If you’re a fan of the X-Men comics series, you’re familiar with Cerebro, a fictional device that taps into the brain waves of humans and has the ability to identify mutants by an individual’s thoughts and experiences. Wouldn’t it be terrifying if Cerebro were real? If we could indulge in mind reading at a global scale?
While we haven’t discovered that capability — neural quantum entanglement anyone? — consider that social media posts reveal the inner workings of roughly two billion individuals. The deepest insights of a quarter of humanity are available for analysis. All we lack are effective ways to examine these metaphorical brain waves and make sense of them.
In many ways software has come to the rescue, particularly in surfacing individual voices. There are now tools that quickly surface social posts and conversations between consumers and businesses. These tools empower organizations to engage their customer base and understand their needs and concerns through open, authentic dialogue.
However, there’s still a lot of analysis left undone, especially in the aggregate. As an industry, social networks and tools surface opinions largely from the loudest voices in the room. We don’t infer. Our technology collects what people explicitly say without discovering why. That’s because the reasons for “why” are quite hard to untangle, as they are often not volunteered and require complicated inference or risky assumption.
Effectively what we’re getting are word and phrase trends, not deep understanding. Surfacing a topic that is being commonly discussed is far from pinpointing what specific groups and demographics feel towards said topics and why. Conversations and the people having them are three dimensional, representing much more than mere words convey.
Subtleties that connect underlying people, issues, and the causal basis are missed by the best algorithms and the best practitioners. For instance, sophisticated pollsters, pundits, and analysts failed to call the recent U.S. Presidential election and now are now scrambling to explain it. Might the answers be hiding among billions of social posts?
What if we were able to lean on artificial intelligence to survey and draw conclusions? Imagine an AI that’s always listening for you. A digital research assistant that continuously hears and understands tens of thousands of posts per second, providing the key synopses.
Is AI up to this task? Not today.
Our AI systems grab headlines, yet they only excel at narrow, though hard, tasks. Uber and others are empowering automobiles to perceive their environment well enough to make the next turn or dodge a pedestrian, but they’ll never learn to grow wings and fly. Google created a machine that can beat a highly skilled human player at an incredibly complex game, but that machine can’t answer questions about the game’s history or independently learn to play another game.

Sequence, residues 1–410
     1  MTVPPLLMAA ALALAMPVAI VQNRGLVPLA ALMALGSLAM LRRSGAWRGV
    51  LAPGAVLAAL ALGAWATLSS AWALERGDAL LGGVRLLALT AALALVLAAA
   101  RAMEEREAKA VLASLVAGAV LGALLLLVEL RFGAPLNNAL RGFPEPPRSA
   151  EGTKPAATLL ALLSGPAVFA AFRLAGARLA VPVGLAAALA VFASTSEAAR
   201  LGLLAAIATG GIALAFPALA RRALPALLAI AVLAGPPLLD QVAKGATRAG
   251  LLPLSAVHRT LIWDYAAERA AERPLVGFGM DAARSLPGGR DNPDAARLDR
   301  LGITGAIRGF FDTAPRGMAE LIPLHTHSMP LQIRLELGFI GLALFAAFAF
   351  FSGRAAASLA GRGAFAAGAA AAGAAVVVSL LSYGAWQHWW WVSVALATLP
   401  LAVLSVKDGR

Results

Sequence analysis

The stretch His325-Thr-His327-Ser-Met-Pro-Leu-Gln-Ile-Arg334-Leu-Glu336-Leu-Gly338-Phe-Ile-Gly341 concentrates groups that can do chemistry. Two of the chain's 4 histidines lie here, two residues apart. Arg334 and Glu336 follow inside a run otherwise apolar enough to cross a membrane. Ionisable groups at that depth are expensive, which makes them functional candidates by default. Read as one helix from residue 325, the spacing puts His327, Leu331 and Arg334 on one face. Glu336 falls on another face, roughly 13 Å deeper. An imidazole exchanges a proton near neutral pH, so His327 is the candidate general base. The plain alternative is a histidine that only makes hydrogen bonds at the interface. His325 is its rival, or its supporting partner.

Artificial intelligence today is still a misnomer. The Oxford English Dictionary (via Google) defines intelligence as “the ability to acquire and apply knowledge and skills,” and AI just isn’t yet there. In the words of Tom Davenport, a Fellow of the MIT Initiative on the Digital Economy and thought leader in this space, “deep learning is not profound learning.” Or to quote another expert, Oren Etzioni, CEO of the Allen Institute for AI, “AI is just simple math executed on enormous scale.” AI today is a way to make computers more capable but not yet intelligent in the way we expect of humans.
However, someday, might AI reach the needed level of self-sufficient intelligence?
Fortunately, AI research is on the right path toward deeper understanding. Historically a major goal was to make a machine capable of masquerading as a human, to pass the Turing test. We’re now challenging researchers with harder problems such as those represented by a newer test, the Winograd Schema Challenge.
Winograd Schema is interesting as it reveals of the state of the art, demonstrating we aren’t as far from true AI as laypeople may think. To understand this test, let’s look at an example from this year’s O’Reilly AI Conference.
- The large ball crashed right through the table because it was made of styrofoam.
- The large ball crashed right through the table because it was made of steel.
In each sentence, what does the word “it” refer to? The answer is one that most 7-year-old children can muster. Yet for machines, the answer is fiendishly hard. Now take this up to the variation among every published tweet.
The day may come when AI is closer to a human’s level of deep learning and understanding, when AI effectively makes sense of complicated and vastly large piles of data in quantities that human brains cannot efficiently process.
Tests like the Winograd Schema may propel AI forward to better understand implications and connections. Yet fairly basic language understanding is an early stop on the journey towards profound intelligence and the ability to independently acquire and apply information.
Our benchmark has advanced only slightly from Turing’s test. There is still much work to be done.